GEUS Bulletin is a peer-reviewed, diamond open access journal published by the Geological Survey of Denmark and Greenland (GEUS). We publish geoscience research papers, monographs and map descriptions for Denmark, Greenland and the Arctic region. GEUS Bulletin believes that open science benefits scientists, industry and society. We do not charge publication fees and all our articles can be freely downloaded online. IF 2020: 1.163 5-year IF: 1.009 (Source: Journal Citation Report TM2020).
Vol. 42 (2018): Petroleum geology of the Upper Jurassic – Lower Cretaceous of East and North-East Greenland: Blokelv-1 borehole, Jameson Land Basin
Editors: Jon R. Ineson and Jørgen A. Bojesen-Koefoed
The exposed Jurassic succession in East and North-East Greenland has long been presented as an analogue for equivalent deeply buried strata on the Norwegian conjugate shelf and offshore North-East Greenland. In particular, the Upper Jurassic marine mudstone succession is often ascribed source-rock potential as proven from coeval rocks on the Northwest European margin. Previous outcrop investigations have not convincingly confirmed this potential, however, and three boreholes were drilled between 2008 and 2010 to provide full coverage of the Upper Jurassic – Lower Cretaceous petroleum source-rock succession in eastern Greenland. The Blokelv-1 borehole was drilled in 2008 in central Jameson Land to investigate the Middle Oxfordian – Lower Volgian Hareelv Formation, representing the lowermost part of the composite source-rock succession.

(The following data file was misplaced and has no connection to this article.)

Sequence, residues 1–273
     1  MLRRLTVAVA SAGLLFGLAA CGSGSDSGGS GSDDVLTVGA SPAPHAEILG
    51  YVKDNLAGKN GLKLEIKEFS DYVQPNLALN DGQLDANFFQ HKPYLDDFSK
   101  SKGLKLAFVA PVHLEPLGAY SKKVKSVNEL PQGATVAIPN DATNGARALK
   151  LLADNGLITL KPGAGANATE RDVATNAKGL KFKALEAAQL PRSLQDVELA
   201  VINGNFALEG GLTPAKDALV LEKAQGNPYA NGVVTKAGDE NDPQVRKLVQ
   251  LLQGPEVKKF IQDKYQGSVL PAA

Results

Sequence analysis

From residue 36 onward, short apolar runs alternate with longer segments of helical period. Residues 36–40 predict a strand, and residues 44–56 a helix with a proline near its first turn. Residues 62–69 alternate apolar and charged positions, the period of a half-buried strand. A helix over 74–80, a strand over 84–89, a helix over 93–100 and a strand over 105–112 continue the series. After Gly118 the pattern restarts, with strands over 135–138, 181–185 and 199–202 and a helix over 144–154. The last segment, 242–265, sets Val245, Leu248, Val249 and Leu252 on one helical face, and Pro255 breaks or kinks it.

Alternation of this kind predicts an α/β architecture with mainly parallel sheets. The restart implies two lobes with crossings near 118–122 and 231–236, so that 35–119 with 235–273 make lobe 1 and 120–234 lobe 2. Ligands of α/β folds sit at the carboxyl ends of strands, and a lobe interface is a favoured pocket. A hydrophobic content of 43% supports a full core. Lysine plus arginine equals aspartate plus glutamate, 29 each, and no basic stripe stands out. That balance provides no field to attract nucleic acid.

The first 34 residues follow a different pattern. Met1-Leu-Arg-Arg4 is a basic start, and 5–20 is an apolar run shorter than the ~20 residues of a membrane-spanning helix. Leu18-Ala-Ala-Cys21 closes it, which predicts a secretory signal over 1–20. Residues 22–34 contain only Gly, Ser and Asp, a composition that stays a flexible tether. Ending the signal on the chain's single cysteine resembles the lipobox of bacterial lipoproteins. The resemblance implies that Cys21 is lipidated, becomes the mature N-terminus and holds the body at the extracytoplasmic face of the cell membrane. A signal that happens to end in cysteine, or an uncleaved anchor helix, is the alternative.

The common aim of the collection of eight scientific papers in this bulletin, introduced by an account of the technical and logistic challenges of the drilling operation, is to document the significance of the Hareelv Formation in a petroleum geological context. Papers on the biostratigraphy, sedimentology, provenance and diagenesis establish the framework and geological history of the succession while companion papers on the source-rock potential, burial and exhumation history and igneous intrusive activity in the region contribute to an improved understanding of the petroleum geology of the Jameson Land Basin.